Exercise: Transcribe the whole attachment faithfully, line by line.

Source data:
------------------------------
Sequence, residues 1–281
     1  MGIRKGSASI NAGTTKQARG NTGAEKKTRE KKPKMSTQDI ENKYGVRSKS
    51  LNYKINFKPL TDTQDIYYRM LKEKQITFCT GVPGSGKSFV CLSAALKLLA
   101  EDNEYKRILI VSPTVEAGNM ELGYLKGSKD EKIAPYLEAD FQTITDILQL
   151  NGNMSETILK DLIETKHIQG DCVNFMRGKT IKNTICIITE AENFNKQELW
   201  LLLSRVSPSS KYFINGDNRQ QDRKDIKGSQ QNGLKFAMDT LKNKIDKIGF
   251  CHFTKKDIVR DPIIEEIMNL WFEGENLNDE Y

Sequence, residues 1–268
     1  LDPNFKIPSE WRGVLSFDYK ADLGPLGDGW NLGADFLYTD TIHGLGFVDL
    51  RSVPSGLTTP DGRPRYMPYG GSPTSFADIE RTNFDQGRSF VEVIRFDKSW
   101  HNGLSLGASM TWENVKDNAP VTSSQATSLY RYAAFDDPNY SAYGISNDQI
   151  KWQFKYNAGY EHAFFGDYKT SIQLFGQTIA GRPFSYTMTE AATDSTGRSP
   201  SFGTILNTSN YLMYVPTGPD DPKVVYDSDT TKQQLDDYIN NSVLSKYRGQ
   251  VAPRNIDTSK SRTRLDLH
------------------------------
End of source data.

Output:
Sequence, residues 1–281
     1  MGIRKGSASI NAGTTKQARG NTGAEKKTRE KKPKMSTQDI ENKYGVRSKS
    51  LNYKINFKPL TDTQDIYYRM LKEKQITFCT GVPGSGKSFV CLSAALKLLA
   101  EDNEYKRILI VSPTVEAGNM ELGYLKGSKD EKIAPYLEAD FQTITDILQL
   151  NGNMSETILK DLIETKHIQG DCVNFMRGKT IKNTICIITE AENFNKQELW
   201  LLLSRVSPSS KYFINGDNRQ QDRKDIKGSQ QNGLKFAMDT LKNKIDKIGF
   251  CHFTKKDIVR DPIIEEIMNL WFEGENLNDE Y

Sequence, residues 1–268
     1  LDPNFKIPSE WRGVLSFDYK ADLGPLGDGW NLGADFLYTD TIHGLGFVDL
    51  RSVPSGLTTP DGRPRYMPYG GSPTSFADIE RTNFDQGRSF VEVIRFDKSW
   101  HNGLSLGASM TWENVKDNAP VTSSQATSLY RYAAFDDPNY SAYGISNDQI
   151  KWQFKYNAGY EHAFFGDYKT SIQLFGQTIA GRPFSYTMTE AATDSTGRSP
   201  SFGTILNTSN YLMYVPTGPD DPKVVYDSDT TKQQLDDYIN NSVLSKYRGQ
   251  VAPRNIDTSK SRTRLDLH